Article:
Lieutenant Christian Gibbons appeared in Sharpe's Eagle, the nephew of Colonel Sir Henry Simmerson. He was described as blond and blue-eyed, thin faced, with a smooth voice. He was also spoiled, arrogant, and unprincipled. He traveled with his mistress, Josefina Lacosta, to Sharpe's immediate jealousy.
In his first meeting with Sharpe, he arrogantly demanded his battalion and company and struck him with a riding crop before being dumped off his horse into a pile of manure by Sharpe without ever bothering to find out who the shabby soldier might have been, and was, in fact, a senior officer. Hogan intervened before things could escalate between the two, obliquely warning Gibbons about trying to push matters, "Terrible fellow, our Lieutenant Sharpe, equally fatal with a sword or gun" (Sharpe's Eagle)The tone, however, is set between the two men. Gibbons slights Sharpe at every opportunity. When Sharpe is given the Light Company he removes himself to Simmerson's side as an "aide-de-camp." After Valdelacasa he joined Simmerson's attempts to discredit Sharpe. On the eve of the Battle of Talavera, he and his crony Lt. Berry, savagely beat and rape his former mistress, Josefina.
During the battle, he followed his Uncle off the field when Sir Henry disobeyed orders and withdrew from the line of Battle. When Lawford relieved Simmerson, he ordered Gibbons back to the light company. After Harper and Sharpe had successfully captured a French Eagle, the survivors were swept away in the smoke of the battlefield. Once separated from Harper, Sharpe was attacked by the mounted Gibbons, who tried to kill Sharpe, slicing through his pack and driving him to the ground. His horse stamped on the rifleman's shoulder, and Gibbons demanded the eagle. He then moved to run Sharpe through, and Patrick Harper drove a captured French bayonet through Gibbon's back. Sharpe scrambled away from Gibbons' sword and smashed him in the mouth with the eagle, breaking his teeth, but Harper had been thorough, and Gibbons was already dead, "It was worth being in this army just to do that."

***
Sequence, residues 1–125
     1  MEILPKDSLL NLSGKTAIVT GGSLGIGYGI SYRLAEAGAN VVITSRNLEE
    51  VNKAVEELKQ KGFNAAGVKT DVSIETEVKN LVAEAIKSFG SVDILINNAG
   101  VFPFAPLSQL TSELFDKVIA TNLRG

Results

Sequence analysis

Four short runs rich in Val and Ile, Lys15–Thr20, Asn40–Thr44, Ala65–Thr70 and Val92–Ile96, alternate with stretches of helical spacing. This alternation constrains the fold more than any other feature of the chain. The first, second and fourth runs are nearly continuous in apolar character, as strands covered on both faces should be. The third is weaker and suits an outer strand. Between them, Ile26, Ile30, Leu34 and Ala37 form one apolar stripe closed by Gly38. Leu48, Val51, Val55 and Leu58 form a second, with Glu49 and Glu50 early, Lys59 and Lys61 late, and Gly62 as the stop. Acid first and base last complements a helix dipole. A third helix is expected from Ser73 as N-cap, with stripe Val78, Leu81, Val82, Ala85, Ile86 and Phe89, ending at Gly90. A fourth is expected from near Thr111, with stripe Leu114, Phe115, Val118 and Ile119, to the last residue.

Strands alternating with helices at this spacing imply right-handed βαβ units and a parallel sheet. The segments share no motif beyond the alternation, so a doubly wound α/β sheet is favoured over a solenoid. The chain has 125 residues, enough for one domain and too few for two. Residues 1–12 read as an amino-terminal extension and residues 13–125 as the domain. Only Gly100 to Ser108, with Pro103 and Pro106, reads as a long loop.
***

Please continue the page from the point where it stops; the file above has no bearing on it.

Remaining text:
When his body was searched, a locket with a miniature of his sister, Jane Gibbons engraved with the sentiment, "God keep you, love Jane," was found about his neck. Sharpe kept it.